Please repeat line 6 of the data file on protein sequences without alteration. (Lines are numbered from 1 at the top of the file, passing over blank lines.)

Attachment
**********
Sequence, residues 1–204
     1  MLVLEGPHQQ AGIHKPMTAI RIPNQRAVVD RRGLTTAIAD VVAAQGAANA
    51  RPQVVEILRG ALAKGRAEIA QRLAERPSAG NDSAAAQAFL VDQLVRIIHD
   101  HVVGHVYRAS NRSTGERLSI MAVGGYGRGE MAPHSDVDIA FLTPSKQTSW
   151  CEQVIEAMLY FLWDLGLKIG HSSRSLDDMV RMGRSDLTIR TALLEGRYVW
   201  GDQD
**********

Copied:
   201  GDQD